The surging price of gas has triggered a six-fold increase in profit at Australia’s largest producer Woodside Energy Group, which predicted demand would continue to grow as Europe struggles with reducing its dependence on Russian supplies.
Liquefied natural gas represents about 70 per cent of Woodside’s business and the volatility in the market following Russia’s full-scale invasion of Ukraine this year has sent the price of the commodity soaring.
“What we’ve seen is unprecedented,” said chief executive Meg O’Neill in an interview with the Financial Times. “Prices at this level are not sustainable in the long run.”
Woodside reported pre-tax profit in the first six months of its financial year grew to $2.9bn, from $503mn in the same period a year earlier, as the booming gas price and the benefits of its merger with BHP’s oil and gas business came to the fore. The energy company more than trebled its interim dividend payment from 30 cents to $1.09.
Woodside said the realised price more than doubled to $96.4 per barrel of oil equivalent during the six-month period.
O’Neill said Europe faced a very difficult winter as it tried to supplement gas supplies to offset its former arrangements with Russia. “Europe does seem very committed to moving away from Russian pipeline gas and Russia seems to be encouraging them to do so,” she said.
The EU is considering emergency measures to curb energy prices while the UK is set for a large jump in such costs, after the regulator raised the energy price cap by 80 per cent in response to soaring wholesale prices.
“Europe is having to make some very difficult trade-offs,” O’Neill said of the crisis.
Analysts at ANZ Bank said the gas price had fallen overnight, on potential measures by the EU to cut electricity usage and after Germany indicated its storage was at 85 per cent of its target. “Nevertheless, Germany remains at risk of not being able to get through the winter, if Russian gas flows remain at current levels,” the bank said.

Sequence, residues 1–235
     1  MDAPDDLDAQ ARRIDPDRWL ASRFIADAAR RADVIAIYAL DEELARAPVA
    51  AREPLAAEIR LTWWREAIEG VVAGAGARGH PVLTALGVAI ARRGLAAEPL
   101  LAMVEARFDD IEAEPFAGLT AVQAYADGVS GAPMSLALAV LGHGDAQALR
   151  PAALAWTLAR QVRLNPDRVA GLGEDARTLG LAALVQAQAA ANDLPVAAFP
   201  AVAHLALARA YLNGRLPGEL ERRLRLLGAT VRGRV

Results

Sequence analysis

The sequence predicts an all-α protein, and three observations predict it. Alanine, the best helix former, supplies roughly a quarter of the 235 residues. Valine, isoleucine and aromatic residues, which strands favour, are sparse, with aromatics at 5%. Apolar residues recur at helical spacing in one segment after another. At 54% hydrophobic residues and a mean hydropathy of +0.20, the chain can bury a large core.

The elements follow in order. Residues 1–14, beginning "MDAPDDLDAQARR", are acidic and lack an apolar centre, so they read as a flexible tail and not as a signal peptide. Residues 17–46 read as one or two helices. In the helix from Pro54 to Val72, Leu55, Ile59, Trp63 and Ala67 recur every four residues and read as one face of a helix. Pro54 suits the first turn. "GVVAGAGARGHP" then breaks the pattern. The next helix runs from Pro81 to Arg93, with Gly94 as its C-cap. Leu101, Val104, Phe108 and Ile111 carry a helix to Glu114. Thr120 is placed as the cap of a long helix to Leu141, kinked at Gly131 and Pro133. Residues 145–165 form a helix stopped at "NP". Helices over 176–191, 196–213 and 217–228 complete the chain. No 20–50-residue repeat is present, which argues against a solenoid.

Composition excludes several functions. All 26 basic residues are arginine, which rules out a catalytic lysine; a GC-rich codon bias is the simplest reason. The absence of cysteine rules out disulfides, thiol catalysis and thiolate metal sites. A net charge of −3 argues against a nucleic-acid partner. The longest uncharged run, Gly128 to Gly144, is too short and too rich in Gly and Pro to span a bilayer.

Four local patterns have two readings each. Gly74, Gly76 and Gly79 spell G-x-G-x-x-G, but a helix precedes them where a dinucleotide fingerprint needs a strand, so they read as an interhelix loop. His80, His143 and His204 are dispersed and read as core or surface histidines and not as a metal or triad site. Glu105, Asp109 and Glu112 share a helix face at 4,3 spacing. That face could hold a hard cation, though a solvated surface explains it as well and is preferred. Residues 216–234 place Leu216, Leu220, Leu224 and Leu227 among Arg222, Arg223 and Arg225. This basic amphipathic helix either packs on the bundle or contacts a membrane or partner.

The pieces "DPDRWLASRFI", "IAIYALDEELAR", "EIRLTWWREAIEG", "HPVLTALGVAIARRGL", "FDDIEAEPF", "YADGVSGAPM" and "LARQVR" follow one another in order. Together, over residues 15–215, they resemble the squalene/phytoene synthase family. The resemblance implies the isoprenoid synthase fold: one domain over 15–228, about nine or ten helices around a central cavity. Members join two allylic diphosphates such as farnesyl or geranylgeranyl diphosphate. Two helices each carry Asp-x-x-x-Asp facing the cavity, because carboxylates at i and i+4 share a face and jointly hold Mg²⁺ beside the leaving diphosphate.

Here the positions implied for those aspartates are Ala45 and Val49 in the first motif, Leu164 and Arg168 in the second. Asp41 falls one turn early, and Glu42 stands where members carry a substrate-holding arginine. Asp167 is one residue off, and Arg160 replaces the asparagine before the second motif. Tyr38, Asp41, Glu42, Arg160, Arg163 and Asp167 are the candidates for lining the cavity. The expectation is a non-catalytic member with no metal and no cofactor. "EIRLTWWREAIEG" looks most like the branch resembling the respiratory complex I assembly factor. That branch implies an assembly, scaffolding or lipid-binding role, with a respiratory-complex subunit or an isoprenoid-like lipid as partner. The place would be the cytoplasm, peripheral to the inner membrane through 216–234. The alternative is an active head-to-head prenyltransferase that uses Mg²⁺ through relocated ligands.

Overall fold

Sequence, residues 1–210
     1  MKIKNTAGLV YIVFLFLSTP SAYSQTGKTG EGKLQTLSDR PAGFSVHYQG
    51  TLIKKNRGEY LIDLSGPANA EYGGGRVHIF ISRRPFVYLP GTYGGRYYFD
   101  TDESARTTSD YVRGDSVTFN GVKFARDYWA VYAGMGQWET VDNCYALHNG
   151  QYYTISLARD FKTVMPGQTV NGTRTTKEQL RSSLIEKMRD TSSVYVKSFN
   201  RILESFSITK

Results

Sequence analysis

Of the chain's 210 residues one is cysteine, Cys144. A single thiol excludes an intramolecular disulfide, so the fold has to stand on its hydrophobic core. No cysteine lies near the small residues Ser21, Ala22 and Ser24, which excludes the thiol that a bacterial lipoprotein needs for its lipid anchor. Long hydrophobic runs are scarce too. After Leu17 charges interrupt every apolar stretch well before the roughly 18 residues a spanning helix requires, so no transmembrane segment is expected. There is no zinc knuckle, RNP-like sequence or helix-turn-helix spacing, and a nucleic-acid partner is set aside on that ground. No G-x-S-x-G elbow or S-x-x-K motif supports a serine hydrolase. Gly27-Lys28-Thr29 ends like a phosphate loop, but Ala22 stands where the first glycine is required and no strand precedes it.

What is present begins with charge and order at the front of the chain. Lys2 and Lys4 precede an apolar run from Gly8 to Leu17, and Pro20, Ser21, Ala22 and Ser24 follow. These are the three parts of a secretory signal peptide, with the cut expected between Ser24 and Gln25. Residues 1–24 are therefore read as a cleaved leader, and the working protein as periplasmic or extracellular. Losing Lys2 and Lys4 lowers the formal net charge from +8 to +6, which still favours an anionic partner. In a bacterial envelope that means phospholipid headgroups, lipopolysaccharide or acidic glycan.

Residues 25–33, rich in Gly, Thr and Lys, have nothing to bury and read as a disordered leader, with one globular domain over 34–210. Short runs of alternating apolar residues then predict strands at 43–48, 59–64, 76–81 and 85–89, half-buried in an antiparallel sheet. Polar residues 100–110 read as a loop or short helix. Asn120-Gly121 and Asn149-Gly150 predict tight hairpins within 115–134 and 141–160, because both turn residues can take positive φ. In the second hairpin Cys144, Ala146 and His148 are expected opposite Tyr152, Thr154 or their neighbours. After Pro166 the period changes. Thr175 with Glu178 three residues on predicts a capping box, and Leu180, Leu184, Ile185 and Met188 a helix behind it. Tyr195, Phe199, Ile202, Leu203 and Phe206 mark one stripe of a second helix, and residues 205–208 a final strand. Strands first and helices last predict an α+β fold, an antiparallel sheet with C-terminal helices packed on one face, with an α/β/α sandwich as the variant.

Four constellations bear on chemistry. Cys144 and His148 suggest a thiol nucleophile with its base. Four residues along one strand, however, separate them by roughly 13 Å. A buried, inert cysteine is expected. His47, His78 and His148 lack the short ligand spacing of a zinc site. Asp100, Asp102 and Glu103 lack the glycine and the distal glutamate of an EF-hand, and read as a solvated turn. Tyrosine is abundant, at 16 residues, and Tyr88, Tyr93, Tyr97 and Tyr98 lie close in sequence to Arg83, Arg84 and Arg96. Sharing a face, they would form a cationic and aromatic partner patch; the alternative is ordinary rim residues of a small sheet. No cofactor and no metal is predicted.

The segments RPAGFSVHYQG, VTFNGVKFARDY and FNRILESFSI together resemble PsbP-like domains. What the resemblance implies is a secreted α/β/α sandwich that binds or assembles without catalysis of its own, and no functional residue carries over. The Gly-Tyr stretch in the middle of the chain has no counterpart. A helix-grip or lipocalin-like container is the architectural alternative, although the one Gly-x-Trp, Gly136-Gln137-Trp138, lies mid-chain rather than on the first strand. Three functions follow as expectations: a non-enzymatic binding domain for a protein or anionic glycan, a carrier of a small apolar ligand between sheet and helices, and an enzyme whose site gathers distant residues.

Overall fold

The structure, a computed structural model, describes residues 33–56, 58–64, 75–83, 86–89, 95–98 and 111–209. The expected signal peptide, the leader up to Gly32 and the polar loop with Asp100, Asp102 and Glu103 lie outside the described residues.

Europe’s need for non-Russian gas has realigned supply chains as stocks from the US and Qatar are diverted towards Europe and away from regions such as Asia. The high cost of transit means that it is unusual for Australian gas to be sent to Europe, according to O’Neill, but demand from Asia has risen as a result of the global reset.
However, she warned that the long lead time in developing gas supplies meant there was no quick fix to the global supply issue triggered by the war in Ukraine. She pointed to the company’s huge Scarborough project in Western Australia, which will not come on line until 2026.
Gas has also become a political issue in Australia. The Labor government elected in May was backed by a broad vote against the former Coalition government that had supported the fossil fuel industry.
Prime Minister Anthony Albanese’s government has set climate reduction targets but has also ruled out banning new gas projects as it looks to shore up Australia’s energy supplies after a recent power crisis.
O’Neill said Albanese’s government had done a “fantastic job” by setting “challenging but achievable” climate goals while being “very clear on the role of gas in that transition”.
Woodside shares, which are also listed in London, gained 2 per cent to A$36.03.
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